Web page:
Tuesday, July 10, 2012

Understanding the Book of Revelation: The Woman on the Beast

                When reading chapters 17 and 18 we need to keep in mind that John is talking about the city of Rome. A harlot, or prostitute, has no husband. God never had a true relationship with the city of Rome. Rome has a sinful relationship with the leaders of the earth so she can make a profit. Rome, at one point, had conquered many nations and geographically extended over a large area of the globe. Rome was very immoral. The emperors were forcing people to bow down to them and worship them. The emperor lived extravagantly as did most of Rome and huge quantities of luxurious items and slaves were imported into Rome, hence the mourning over her doom by the merchants and ship masters who had lost their trade. By then there was great immorality within Rome and this had spread to surrounding provinces, for example, Corinth. The letters to the Corinthians were written to correct many of the problems this involved. We find in Revelation the woman Jezebel is given as an example of this within the church at Thyatira. Rome also persecuted the saints which is mentioned in this chapter; remember that John was on Patmos for his faith. However there is a deeper meaning because John is using the general term Babylon and not specifically Rome so it does not just apply to those times but extends forward in time to cover all future ungodly empires of which the Roman is his current example, but reaching its climax with the empire of the Antichrist.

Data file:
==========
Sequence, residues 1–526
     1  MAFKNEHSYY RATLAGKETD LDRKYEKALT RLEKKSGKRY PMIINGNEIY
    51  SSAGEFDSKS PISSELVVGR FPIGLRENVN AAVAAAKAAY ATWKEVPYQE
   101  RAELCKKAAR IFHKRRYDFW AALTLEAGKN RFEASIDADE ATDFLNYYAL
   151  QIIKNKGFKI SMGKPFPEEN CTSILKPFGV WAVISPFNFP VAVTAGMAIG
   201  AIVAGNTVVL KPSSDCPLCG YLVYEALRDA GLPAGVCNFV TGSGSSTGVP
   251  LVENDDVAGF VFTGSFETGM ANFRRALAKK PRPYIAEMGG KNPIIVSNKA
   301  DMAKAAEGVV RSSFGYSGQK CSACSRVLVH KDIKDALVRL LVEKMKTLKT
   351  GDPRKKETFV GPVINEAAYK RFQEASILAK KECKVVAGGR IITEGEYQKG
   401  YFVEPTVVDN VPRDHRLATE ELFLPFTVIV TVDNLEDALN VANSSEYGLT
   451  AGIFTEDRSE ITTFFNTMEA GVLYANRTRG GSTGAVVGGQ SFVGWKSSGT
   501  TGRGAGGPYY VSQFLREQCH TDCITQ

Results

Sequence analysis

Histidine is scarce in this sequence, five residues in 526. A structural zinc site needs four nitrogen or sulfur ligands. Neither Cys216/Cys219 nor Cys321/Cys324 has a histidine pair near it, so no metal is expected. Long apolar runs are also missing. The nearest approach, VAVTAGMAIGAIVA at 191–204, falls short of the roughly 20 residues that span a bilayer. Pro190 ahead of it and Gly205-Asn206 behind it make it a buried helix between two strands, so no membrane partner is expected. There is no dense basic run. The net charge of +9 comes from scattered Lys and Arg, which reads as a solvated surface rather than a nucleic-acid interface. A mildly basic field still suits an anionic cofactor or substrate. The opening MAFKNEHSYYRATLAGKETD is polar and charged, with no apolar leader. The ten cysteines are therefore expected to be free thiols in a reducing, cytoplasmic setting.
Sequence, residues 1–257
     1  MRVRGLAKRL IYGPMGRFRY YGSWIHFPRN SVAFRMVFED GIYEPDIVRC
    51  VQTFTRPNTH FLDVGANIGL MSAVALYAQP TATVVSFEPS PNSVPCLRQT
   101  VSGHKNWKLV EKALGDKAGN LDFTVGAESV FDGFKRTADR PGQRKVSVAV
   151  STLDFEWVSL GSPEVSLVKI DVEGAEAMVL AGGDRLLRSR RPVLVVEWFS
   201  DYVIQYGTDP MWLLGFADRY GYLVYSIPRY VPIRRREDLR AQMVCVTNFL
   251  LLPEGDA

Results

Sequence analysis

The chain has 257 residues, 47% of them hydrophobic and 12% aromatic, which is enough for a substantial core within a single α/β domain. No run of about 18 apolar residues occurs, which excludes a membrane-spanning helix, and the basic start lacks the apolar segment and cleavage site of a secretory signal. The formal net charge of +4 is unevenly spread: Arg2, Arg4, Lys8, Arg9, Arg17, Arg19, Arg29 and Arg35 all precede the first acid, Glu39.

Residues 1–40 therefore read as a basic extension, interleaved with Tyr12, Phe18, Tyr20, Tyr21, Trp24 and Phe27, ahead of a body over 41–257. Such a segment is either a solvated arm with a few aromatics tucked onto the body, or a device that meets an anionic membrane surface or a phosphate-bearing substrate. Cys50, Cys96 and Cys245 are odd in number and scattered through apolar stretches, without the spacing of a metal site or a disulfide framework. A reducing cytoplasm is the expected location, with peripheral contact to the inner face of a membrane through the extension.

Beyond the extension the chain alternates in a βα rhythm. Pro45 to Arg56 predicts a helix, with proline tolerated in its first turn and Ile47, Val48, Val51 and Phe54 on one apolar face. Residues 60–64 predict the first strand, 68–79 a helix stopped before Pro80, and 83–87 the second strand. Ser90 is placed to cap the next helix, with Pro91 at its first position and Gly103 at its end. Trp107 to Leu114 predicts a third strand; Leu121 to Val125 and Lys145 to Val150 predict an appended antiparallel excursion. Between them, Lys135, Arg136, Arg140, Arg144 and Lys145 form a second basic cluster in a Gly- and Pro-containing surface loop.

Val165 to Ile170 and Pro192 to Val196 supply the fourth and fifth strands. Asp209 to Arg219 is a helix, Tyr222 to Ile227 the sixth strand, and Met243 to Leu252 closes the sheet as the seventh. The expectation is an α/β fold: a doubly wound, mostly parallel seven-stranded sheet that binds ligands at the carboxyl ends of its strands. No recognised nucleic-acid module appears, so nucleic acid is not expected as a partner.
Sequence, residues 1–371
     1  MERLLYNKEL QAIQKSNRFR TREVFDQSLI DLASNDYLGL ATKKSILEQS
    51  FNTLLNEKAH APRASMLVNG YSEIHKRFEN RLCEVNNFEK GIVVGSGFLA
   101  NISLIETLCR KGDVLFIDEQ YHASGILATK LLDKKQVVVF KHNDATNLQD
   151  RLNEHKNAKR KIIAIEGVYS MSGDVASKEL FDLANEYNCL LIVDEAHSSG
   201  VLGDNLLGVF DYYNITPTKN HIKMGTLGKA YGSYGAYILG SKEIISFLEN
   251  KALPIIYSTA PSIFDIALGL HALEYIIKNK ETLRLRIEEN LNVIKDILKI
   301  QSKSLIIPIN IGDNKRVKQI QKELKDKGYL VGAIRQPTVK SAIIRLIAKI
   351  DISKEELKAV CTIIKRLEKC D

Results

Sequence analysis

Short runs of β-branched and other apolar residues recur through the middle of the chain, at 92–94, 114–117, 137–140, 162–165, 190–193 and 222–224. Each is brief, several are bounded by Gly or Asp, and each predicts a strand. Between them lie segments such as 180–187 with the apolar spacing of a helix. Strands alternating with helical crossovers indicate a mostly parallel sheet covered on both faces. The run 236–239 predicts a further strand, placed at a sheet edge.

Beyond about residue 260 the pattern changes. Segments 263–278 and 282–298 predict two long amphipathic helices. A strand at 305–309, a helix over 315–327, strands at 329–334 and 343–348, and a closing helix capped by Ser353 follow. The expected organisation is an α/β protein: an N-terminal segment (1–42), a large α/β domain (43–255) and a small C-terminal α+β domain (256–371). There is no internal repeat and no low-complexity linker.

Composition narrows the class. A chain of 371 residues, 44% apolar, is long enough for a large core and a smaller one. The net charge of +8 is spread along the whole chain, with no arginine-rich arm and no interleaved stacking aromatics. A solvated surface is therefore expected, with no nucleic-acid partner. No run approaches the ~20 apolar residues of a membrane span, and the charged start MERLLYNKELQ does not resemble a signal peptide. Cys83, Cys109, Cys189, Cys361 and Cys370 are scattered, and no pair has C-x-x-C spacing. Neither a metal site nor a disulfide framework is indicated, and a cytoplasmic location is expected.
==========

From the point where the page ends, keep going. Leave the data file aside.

• In considering the identity of the woman the following points need to be considered:
  • She is described as the prostitute who is to be contrasted with the bride (the church).
  • Babylon the earthly city is to be contrasted to the heavenly city, the new Jerusalem.
  • The great city is described figuratively as 'Sodom and Egypt, where also their Lord was crucified' (11:8).
  • She sits on many waters which are peoples, multitudes, nations and languages.
  • She is to be distinguished from the beast upon whom she sits and who destroys her.
  • She is the city of power, excessive luxury and great wealth.
  • She persecuted the saints.
  • She rules over the kings of the earth.
  • She is associated with music, trade, farming, marriage, merchants and persecution.
  • With her the kings of the earth commit adultery and the inhabitants are intoxicated with the wine of her adulteries
  • In view of the emphasis of the book that only God is to be worshiped she should be viewed as the temptress who tempts men away from God.

In verse 2, the adultery committed is when the leaders and peoples of the world give in to their sinful lusts and desires. The beast that the woman rides on is scarlet, which is a deep red. The Antichrist and Satan will be one in appearance. Since the woman rides the beast, this indicates that Rome has a close relationship with the enemy. The Babylon is not only Rome, but those influenced by her and who followed her laws. Purple and scarlet were expensive cloths and would only be worn by the rich. Gold, precious stones, and pearls are also expensive and only the wealthy would have access to them. Rome was very rich due to its fornication, selfishness, and ungodly relationships. This also signifies that Rome is not built in a solid way like the New Jerusalem. With Rome, it’s all about outward display and ornamentation.